MEMORANDUM: CONTINGENT REMEDY EVALUATION [FOR GENERAL ELECTRIC SOUTH DAWSON ST.]
Washington State Department of Ecology, 15 pp, 2018

Environmental contamination at the former General Electric Aviation Div. facility (220 S. Dawson St., Seattle) will be cleaned up under RCRA and as part of Washington Ecology's source control strategy to control sources of pollution to the Duwamish River. PCE, TCE, 1,1,1-TCA, fuels, and oils affect soil and groundwater beneath the 220 South Dawson Street building, and their vapors affect the indoor air. Pump and treat is ongoing at the site. GE also conducted injections of aqueous persulfate into the contaminated groundwater below the property in March 2017 and installed persulfate slow-diffusion release bags into several groundwater wells on the property in October 2017, but these in situ chemical oxidation remedial alternatives were insufficiently effective in reducing groundwater contaminant concentrations. This memorandum presents a comparison of alternative treatment technologies and recommends in situ chemical reduction using EHC®—a solid material composed of a plant-based carbon source and zero-valent iron—to remediate the residual COCs associated with the site's shallow soil and groundwater impacts. Under Ecology oversight, GE will implement the recommended remedy. See the memorandum at https://fortress.wa.gov/ecy/gsp/DocViewer.ashx?did=75732 and additional information on this site at https://fortress.wa.gov/ecy/gsp/Sitepage.aspx?csid=2446.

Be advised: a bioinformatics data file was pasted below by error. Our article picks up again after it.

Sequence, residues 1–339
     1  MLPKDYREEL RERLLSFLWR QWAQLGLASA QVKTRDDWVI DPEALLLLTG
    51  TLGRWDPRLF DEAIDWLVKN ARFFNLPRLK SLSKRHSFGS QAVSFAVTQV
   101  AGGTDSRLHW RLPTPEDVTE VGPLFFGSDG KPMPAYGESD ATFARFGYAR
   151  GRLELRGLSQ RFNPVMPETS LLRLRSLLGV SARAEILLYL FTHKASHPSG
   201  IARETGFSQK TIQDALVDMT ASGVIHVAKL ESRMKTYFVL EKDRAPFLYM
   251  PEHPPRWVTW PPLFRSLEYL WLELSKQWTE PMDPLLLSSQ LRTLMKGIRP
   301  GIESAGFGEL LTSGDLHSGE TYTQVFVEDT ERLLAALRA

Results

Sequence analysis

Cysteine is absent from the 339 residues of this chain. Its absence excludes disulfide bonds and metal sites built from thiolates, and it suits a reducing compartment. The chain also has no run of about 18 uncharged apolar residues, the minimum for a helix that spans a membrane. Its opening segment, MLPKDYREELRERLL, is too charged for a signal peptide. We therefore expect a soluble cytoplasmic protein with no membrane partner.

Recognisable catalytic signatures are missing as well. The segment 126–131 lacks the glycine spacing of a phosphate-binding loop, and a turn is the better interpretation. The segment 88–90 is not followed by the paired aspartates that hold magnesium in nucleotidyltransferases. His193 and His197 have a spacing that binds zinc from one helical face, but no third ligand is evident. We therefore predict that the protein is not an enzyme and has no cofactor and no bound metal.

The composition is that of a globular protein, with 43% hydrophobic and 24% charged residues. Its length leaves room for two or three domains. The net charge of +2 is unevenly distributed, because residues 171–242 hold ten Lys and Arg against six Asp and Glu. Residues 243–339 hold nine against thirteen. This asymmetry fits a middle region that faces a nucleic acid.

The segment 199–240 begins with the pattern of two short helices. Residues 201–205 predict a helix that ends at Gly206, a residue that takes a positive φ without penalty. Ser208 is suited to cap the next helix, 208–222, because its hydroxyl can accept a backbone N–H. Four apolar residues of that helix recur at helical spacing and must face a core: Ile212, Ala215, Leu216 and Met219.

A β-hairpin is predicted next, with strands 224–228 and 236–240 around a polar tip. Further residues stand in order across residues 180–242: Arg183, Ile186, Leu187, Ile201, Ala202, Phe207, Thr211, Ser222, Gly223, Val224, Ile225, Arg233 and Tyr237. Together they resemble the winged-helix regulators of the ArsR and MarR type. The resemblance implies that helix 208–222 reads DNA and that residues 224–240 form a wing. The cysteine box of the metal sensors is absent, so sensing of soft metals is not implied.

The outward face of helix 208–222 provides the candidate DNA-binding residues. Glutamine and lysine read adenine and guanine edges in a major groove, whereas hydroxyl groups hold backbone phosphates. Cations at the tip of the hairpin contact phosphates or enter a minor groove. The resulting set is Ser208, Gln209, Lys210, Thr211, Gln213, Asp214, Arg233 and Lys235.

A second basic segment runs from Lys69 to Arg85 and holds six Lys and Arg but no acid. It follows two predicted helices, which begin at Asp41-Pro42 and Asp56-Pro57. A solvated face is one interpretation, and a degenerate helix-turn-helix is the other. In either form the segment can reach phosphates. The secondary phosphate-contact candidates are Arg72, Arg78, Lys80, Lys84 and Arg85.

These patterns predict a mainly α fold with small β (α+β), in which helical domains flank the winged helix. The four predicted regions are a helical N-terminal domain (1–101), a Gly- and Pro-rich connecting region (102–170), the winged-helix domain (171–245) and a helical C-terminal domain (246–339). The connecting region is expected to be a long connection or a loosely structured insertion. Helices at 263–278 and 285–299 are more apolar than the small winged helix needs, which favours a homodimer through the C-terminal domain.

Demonstrations / Feasibility Studies
DEMONSTRATION OF NEW TOOLS FOR IMPROVED SOURCE AND RECONTAMINATION POTENTIAL ASSESSMENT
Chadwick, B. and M. Arias-Thode.
ESTCP Project ER-201432, 2355 pp, 2017